If you are doing an endoscopy list then it is highly likely that a PPI will feature on your patient’s medication list. They account for a significant percentage of the drug budget still despite being off patent. Indeed for the year 2016-2017 a PPI was the third and fourth most frequently prescribed drug in Australia (statins accounted for the top two slots). I can remember as a junior doctor that you needed to have endoscopically proven reflux before you could prescribe this new fangled stuff called omeprazole (it wasn’t that long ago).
I have used Goodman and Gilman. The first four statements are important and the next few are less so.
T/F PPIs can cause gastric polyposis*
T/F PPIs reversibly inhibit parietal cell H K ATPase
T/F PPIs are well absorbed by the stomach
T/F Sucralfate is preferred as ulcer prophylaxis in ICU pts because it is not associated with the development of nosocomial pneumonia
less important now…
T/F Sucralfate is a prostaglandin analogue
T/F. Misoprostol inhibits acid production and stimulates mucus production
T/F Esomeprazole is the S-isomer of omeprazole and is a pro drug like all PPIs
T/F Omeprazole has the potential for multiple drug interactions due to inhibition of the 2C19 cytochrome
T/F PPIs can make you anaemic
T/F there is an association between long term PPI use and dementia
*doesn’t stop some gastroenterologists from biopsying them.
There is one reference in the Primary Exam Reading List which is a journal article not a book. Pharmaceutics for the anaesthetist was written by a former Chair of the Primary Exam and contains material not available in the usual anaesthetic pharmacology textbooks (which is why it is still on the reading list even though it was published in 2001).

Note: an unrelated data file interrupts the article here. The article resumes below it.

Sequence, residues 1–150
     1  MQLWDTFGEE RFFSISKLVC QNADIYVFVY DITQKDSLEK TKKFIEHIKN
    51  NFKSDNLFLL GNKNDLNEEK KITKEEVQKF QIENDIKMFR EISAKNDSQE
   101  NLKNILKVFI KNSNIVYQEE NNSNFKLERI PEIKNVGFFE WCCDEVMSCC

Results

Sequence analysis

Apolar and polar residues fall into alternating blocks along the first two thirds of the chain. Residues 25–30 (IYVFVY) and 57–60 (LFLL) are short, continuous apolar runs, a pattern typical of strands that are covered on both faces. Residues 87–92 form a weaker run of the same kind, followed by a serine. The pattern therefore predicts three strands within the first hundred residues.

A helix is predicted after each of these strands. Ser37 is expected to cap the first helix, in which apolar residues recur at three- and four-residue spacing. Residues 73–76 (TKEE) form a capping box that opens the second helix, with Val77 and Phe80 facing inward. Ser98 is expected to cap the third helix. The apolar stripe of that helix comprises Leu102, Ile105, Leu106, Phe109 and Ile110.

Interestingly, this article mentions cyclodextrins in the context of solubilising lipophilic drugs and 17 yrs later a cyclodextrin is a popular drug in anaesthetic practice but not in the way the article predicted.
T/F Water is considered a non-polar solvent
T/F Ethylene glycol is safe for use a solubilising agent
T/F 1 ml of oil emulsified in water results in a droplet surface area of approximately 500 m²
T/F Lyophilisation is used to prevent hydrolytic degradation of drugs
T/F Trace amounts of oxygen in an ampoule can be enough to initiate the oxidation process
T/F Propofol has anti-oxidant properties
T/F Hydrolysis, oxidation, isomerisation and exposure to ultraviolet light can reduce the potency of drugs
T/F Preservatives are substances added to pharmaceutical products to prevent degradation
T/F Hypotonic and hypertonic solutions can cause pain on injection, thrombophlebitis, haemolysis
T/F Intrathecal use of preservative containing drugs is strongly associated with neurotoxicity
T/F pH adjustment of drug preparations is done for many reasons which can be difficult to determine
How is drug X presented? This is a old favourite in the vivas and definitely reveals those candidates who have used drug X and those who haven’t. There is no specific LO today but a post next week will cover BT_GS 1.22.